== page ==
Last updated: 8 December, 2013

Iran’s Rouhani wants foreign forces out of Afghanistan

Iran wants all foreign forces to leave Afghanistan, President Hassan Rouhani told his visiting Afghan counterpart Sunday amid a row between Kabul and Washington over a long-delayed security pact.

Iran “is opposed to the presence of any foreign force in the region, the Middle East, the Persian Gulf and particularly the Islamic country of Afghanistan,” Rouhani told Hamid Karzai, who was in Tehran for a one-day visit.

“Iran is concerned about tensions caused by the presence of foreign forces in the region,” Rouhani added in remarks reported by the state broadcaster on its website,

Washington and its allies have urged Karzai to sign the Bilateral Security Agreement (BSA), which would establish the legal conditions for US and other NATO troops to remain in Afghanistan past 2014 to train local security forces and fight Al-Qaeda.

Karzai initially endorsed the BSA, but has since refused to sign it and issued fresh demands.

Karzai’s trip to Iran came a day after an awkward visit to Kabul by US Defence Secretary Chuck Hagel, who did not meet with Karzai as is customary, saying the Afghan leader was well aware of the US position on the pact.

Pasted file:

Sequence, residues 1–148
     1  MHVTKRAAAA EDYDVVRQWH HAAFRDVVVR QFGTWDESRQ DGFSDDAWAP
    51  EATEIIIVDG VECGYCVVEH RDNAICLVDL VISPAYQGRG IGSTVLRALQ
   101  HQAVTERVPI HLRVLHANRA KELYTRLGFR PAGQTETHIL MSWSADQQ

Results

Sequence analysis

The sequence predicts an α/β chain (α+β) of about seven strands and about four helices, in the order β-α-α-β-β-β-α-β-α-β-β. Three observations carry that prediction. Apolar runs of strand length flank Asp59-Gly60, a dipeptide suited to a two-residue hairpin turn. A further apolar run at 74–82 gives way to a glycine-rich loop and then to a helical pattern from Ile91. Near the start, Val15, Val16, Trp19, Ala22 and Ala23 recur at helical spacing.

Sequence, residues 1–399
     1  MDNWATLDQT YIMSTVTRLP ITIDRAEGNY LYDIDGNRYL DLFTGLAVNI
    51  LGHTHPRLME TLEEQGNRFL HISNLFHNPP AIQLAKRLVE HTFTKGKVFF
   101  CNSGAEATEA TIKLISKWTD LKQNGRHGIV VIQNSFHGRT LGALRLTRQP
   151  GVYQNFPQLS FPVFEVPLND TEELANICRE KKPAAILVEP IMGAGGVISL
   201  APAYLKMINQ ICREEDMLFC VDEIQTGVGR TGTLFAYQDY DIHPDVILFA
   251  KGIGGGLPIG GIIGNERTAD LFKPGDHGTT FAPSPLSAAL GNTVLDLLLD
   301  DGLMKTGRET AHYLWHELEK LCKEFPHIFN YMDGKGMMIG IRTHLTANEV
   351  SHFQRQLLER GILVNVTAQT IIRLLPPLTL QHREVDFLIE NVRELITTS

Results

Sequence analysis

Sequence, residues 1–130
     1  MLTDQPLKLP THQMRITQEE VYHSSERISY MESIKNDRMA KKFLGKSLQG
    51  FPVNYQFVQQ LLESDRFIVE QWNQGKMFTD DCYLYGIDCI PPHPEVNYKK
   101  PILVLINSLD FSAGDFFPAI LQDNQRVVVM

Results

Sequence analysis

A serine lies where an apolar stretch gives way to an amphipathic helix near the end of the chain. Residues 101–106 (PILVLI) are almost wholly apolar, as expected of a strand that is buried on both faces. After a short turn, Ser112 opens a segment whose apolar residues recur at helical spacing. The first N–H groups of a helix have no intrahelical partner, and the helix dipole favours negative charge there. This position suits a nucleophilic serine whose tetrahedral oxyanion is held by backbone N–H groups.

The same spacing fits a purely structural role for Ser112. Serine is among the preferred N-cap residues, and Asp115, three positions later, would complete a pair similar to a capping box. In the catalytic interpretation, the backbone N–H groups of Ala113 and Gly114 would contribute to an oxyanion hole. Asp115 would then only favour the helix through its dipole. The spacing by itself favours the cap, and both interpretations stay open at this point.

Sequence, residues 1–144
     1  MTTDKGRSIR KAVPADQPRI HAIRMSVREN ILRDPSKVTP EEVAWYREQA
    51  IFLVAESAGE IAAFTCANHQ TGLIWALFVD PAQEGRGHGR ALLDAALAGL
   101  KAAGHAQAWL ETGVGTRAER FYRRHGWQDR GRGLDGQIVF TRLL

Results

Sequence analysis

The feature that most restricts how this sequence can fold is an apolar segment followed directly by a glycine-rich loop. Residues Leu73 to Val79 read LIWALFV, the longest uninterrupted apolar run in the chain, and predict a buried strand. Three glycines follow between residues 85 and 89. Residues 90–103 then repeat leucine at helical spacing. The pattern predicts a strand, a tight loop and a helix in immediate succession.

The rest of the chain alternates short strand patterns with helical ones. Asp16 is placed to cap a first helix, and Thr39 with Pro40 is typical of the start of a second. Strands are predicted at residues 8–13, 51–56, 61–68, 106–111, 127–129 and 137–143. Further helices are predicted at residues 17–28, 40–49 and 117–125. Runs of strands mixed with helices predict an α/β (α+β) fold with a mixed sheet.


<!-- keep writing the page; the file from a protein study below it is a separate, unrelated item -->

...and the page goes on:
Tehran — which has long been wary of the tens of thousands of US troops based in Afghanistan and in large military bases in the Gulf — has strongly backed Karzai’s position on the pact.

“They should all leave and leave the security of Afghanistan to its own people,” said Rouhani.

Iran is meanwhile hoping to sign a security pact of its own with Kabul.

Rouhani and Karzai agreed to begin negotiations over a “Comprehensive Friendship and Cooperation Agreement” which would also involve political, economic and cultural affairs, according to the official IRNA news agency.

Details of the deal were not immediately available to the media.

In Kabul, the two sides signed a separate border and security agreement, an Iranian deputy interior minister said.

That agreement establishes “a joint committee on terrorism, security related organised-crimes as well as controlling the borders to fight human trafficking, (illegal) immigration and drug smuggling,” Ali Abdollahi told IRNA.

Iran shares a 936-kilometre (582-mile) border with Afghanistan and hosts some 2.4 million Afghans — refugees and illegal immigrants — who were driven across the border by war, oppression and poverty over the past three decades.